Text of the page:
The Supreme Court has had a busy morning deciding what they won’t do. First they declined to block Cyrus Vance’s subpoenas for Donald Trump’s tax records, and then they cleared the decks of the remaining challenges to election results. That made it a very bad day for the former president, but perhaps also for those hoping to settle one important question in Pennsylvania:
The Supreme Court has formally rejected several appeals from Republicans and former President Donald Trump over contested 2020 voting rules in key battleground states.
The court declined to take up a challenge to Pennsylvania’s mail ballot deadline extension that became the fixation of Republican attempts to overturn results in that state. The justices also turned away a case out of Georgia, brought by Trump ally Lin Wood, over mail-in ballot requirements.
And, the court rejected Trump’s suit against President Joe Biden over the counting of absentee ballots in Wisconsin.
Perhaps the court thought that accepting one case would require them to hear the whole kit and caboodle of conspiracy-theory challenges. Those claims could easily be put aside, however, while other issues really do require some consideration. The decision to refuse cert drew dissents from conservatives on the court, who warn that the issues of rulemaking over legislation will come up again and might create even more damage the next time out:
While the election is obviously settled, many Republicans had hoped the justices would resolve the dispute over changes in voting rules promulgated by state courts or other non-elected bodies — changes they argue are illegal because they weren’t legislated.
“Now, the election is over, and there is no reason for refusing to decide the important question that these cases pose,” wrote Justice Samuel Alito in a dissent joined by Justice Neil Gorsuch.
Clarence Thomas objected strenuously to the decision to deny cert in the Pennsylvania case, which got punted on a 4-4 decision prior to the election. The question of rules changes on absentee ballots didn’t impact the election outcome this time, Thomas wrote, but the court’s luck will run out — and they might be sorry to have to intervene when the court really could change the outcome:
The justices offered no public explanation for their rejection of the cases, but one member of the court, Justice Clarence Thomas, dissented. He said the court should have granted review, even though the dispute was effectively moot, and he took a swipe at his colleagues for the decision to pass up the cases.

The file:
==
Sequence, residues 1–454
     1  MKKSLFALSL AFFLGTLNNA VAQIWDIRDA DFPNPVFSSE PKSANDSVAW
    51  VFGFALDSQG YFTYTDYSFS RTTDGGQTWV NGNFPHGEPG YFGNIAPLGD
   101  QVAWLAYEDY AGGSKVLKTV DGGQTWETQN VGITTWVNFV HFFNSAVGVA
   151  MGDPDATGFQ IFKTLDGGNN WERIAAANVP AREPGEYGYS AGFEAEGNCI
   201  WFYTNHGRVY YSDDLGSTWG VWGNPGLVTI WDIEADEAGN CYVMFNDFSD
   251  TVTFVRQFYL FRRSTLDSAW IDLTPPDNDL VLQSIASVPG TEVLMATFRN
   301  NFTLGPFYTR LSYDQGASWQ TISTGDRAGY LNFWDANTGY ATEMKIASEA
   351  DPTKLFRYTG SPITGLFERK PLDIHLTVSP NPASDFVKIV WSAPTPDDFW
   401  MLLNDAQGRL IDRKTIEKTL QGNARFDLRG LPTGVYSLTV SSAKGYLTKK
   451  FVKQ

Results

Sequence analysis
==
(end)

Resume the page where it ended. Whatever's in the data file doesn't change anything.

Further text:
“That decision to rewrite the rules seems to have affected too few ballots to change the outcome of any federal election But that may not be the case in the future,” Thomas wrote. “These cases provide us with an ideal opportunity to address just what authority nonlegislative officials have to set election rules, and to do so well before the next election cycle. The refusal to do so is inexplicable.”
It’s even more inexplicable, Thomas continues, given the split in the appellate circuit on precisely this point:
The Eighth Circuit split from the Pennsylvania Supreme Court, granting a preliminary injunction against an attempt by the Minnesota Secretary of State to extend the legislature’s deadline to receive ballots by seven days. Carson v. Simon, 978 F. 3d 1051, 1059–1060, 1062 (2020). This divide on an issue of undisputed importance would justify certiorari in almost any case. That these cases concern federal elections only further heightens the need for review. …
Third, and perhaps most significant, postelection litigation sometimes forces courts to make policy decisions that they have no business making. For example, when an official has improperly changed the rules, but voters have already relied on that change, courts must choose between potentially disenfranchising a subset of voters and enforcing the election provisions—such as receipt deadlines—that the legislature believes are necessary for election integrity. That occurred last year. After a court wrongly altered South Carolina’s witness requirement for absentee ballots, this Court largely reinstated the original rule, but declined to apply it to ballots already cast. Andino v. Middleton, ante, p. ___. Settling rules well in advance of an election rather than relying on postelection litigation ensures that courts are not put in that untenable position.
Thomas concludes by wondering what the court wants to have happen before settling this question:
One wonders what this Court waits for. We failed to settle this dispute before the election, and thus provide clear rules. Now we again fail to provide clear rules for future elections. The decision to leave election law hidden beneath a shroud of doubt is baffling. By doing nothing, we invite further confusion and erosion of voter confidence. Our fellow citizens deserve better and expect more of us. I respectfully dissent.
Justice Alito argues in a concurrence to Thomas’ dissent that the cases are not at all “moot,” thanks to these issues being left unresolved. And he also foresees the same issues arising again, perhaps in even more difficult circumstances:
For these reasons, the cases now before us are not moot. There is a “reasonable expectation” that the parties will face the same question in the future, see Wisconsin Right to Life, Inc., 551 U. S., at 463, and that the question will evade future pre-election review, just as it did in these cases.
That’s not just a safe bet — it’s a certainty. And when it does, we’ll all live to regret it, not just the six justices who punted this yet again.